Adolescent looking for a ‘normal’ life

My wife and I are very strict with our 12-year-old son, “Jonathan.” He has normal adolescent issues, but he really is a great kid — well-mannered, hardworking, gets good grades, etc.

Dear Annie: My wife and I are very strict with our 12-year-old son, “Jonathan.”

He has normal adolescent issues, but he really is a great kid — well-mannered, hardworking, gets good grades, etc. We give him lots of freedom to make decisions about free-time activities and try to teach him about life. We take him on vacations and spend a lot of time with him.

Jonathan has recently begun doing small things that show he really isn’t thinking, such as walking past an overflowing garbage can, etc. We told him to go to his room and write a letter about how he was going to be more respectful and help out the family. He came back with a letter about how he wished he could live a “normal” life like his other friends. We sat down and had a tearful conversation with him, but didn’t get any clear answers about why he doesn’t feel normal.

Do we have anything to be concerned about? — Hurting Parent

Dear Hurting: Probably not, but you need to watch how you handle the situation because it is likely to get more complicated as he gets older. Like many teens and preteens, Jonathan wants to spread his wings. He also sees that his friends apparently have fewer rules and he may be envious. But too little supervision can make children insecure and they often respond by testing the boundaries more forcefully in order to get their parents to react.

If Jonathan is saying his family life isn’t “normal,” that’s OK. If he is saying he isn’t normal, however, it might indicate a problem, so watch for signs of depression. You seem to have excellent communication with your son, which will help, but try to be flexible enough to adjust your methods as Jonathan goes through his teen years.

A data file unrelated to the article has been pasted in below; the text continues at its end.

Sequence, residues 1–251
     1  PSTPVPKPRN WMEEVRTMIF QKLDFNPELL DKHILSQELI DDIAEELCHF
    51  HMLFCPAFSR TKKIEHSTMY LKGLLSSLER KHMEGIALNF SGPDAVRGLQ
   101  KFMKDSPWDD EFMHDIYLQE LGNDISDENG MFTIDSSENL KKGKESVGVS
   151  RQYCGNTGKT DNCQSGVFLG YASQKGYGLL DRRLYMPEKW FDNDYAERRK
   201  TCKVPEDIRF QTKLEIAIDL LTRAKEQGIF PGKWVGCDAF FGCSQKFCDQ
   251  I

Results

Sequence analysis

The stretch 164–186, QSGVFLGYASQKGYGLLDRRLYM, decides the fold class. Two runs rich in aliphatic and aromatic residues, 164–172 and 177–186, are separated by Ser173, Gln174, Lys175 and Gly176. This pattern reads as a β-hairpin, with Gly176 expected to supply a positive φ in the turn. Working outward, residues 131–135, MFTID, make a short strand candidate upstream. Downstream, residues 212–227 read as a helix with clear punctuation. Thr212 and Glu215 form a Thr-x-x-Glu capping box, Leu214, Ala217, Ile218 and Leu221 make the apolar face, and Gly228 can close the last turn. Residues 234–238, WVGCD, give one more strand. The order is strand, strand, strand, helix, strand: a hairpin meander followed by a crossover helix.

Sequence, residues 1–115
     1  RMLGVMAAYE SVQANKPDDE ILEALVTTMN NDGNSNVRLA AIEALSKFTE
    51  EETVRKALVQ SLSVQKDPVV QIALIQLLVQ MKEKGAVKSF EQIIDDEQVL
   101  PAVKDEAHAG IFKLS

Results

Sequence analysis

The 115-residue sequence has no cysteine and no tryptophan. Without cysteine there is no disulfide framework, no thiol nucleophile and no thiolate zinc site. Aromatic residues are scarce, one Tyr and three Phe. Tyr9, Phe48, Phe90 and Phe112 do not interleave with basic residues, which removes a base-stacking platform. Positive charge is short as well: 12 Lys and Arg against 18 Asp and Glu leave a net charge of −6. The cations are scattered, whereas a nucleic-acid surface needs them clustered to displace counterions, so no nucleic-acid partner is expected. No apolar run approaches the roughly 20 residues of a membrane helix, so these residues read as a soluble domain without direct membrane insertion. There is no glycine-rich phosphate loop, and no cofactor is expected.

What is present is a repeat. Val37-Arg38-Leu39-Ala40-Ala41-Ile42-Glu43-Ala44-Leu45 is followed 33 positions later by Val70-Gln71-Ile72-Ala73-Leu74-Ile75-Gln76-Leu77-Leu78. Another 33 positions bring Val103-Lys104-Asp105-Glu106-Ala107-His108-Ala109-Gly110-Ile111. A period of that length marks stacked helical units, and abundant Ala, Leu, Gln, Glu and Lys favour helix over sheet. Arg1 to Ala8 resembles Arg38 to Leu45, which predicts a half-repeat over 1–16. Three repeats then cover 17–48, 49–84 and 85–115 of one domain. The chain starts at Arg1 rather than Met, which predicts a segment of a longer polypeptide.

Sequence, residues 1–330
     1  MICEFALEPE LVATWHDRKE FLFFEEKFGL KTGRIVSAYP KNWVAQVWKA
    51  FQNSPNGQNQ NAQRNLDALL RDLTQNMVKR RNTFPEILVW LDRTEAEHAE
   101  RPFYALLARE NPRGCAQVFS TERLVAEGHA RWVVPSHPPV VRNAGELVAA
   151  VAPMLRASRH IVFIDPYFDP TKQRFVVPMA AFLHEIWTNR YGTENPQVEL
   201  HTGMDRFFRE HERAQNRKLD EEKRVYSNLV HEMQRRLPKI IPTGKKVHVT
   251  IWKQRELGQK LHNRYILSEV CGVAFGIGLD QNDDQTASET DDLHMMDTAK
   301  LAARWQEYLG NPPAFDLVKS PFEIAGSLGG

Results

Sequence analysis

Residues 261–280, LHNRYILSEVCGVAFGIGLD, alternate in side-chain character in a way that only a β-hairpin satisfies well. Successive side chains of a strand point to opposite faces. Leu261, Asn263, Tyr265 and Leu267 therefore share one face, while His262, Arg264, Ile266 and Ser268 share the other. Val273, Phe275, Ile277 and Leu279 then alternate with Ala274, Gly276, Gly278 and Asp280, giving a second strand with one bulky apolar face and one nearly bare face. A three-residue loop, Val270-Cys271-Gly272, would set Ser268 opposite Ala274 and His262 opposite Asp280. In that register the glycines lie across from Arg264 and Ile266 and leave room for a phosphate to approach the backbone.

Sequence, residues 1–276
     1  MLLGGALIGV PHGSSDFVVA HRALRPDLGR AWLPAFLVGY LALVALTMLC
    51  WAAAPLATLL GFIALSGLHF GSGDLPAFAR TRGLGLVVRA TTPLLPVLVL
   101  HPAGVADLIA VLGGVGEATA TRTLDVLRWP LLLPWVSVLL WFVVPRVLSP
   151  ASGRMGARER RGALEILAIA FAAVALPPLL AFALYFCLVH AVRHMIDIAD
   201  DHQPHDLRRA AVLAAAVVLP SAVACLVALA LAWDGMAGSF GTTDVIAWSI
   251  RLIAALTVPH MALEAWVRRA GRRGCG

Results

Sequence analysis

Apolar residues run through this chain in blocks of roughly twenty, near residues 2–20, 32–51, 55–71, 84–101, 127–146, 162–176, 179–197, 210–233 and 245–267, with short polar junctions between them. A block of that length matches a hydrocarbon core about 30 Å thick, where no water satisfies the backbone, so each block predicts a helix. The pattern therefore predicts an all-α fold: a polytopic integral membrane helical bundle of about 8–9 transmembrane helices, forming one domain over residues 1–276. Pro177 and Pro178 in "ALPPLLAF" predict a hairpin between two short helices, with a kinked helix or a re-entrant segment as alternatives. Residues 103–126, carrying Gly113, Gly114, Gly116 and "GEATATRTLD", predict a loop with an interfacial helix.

Dear Annie: I had a mastectomy a few years ago. What is a one-breasted wife to do about her husband’s frequent and insensitive remarks regarding women’s cleavage, or his hungry looks at overexposed women? There are a lot of them around, especially in the summer. Please help. — Hurting Helplessly in Silence

Dear Hurting: Your husband sounds remarkably immature. Don’t be a martyr. Tell him how much this hurts you, and that he needs to control his leering in your presence because it undermines your respect for him and wears away at the fabric of your marriage. Let’s hope he has the brains to grasp how damaging his behavior is and values his marriage enough to work on it.

Dear Annie: When I was in my late teens and early 20s, I shoplifted several times. I came from a wonderful, decent, church-going family and don’t know why I did it. I finally got caught, and it was the most humiliating day of my life.

I am 56 years old now, and there are still moments when the experience comes back to me as though it happened yesterday. The most awful feeling washes over me, and I wish it could be erased from my memory.

If any of your readers are shoplifters, I beg you to stop now. It’s so very wrong. It hurts the retail stores and is an unnecessary way to bring trouble into your mind that will last a lifetime. Don’t wait until you get caught to learn this lesson because you can’t imagine how degrading it is. That little lark that seemed so clever and exciting at the time turns into guilt that will haunt you for the rest of your life.

How you would feel if someday your own child was caught shoplifting? How would you deal with that knowing your own history? Don’t do it. It’s not worth the price. — Regrets

Dear Regrets: Thank you for letting our readers have a peek at what you have gone through. We hope your efforts to help will do just that.

Happy Passover to all our Jewish readers.

Annie’s Mailbox is written by Kathy Mitchell and Marcy Sugar, longtime editors of the Ann Landers column. Please e-mail your questions to anniesmailbox@comcast.net, or write to: Annie’s Mailbox, P.O. Box 118190, Chicago, IL 60611. To find out more about Annie’s Mail.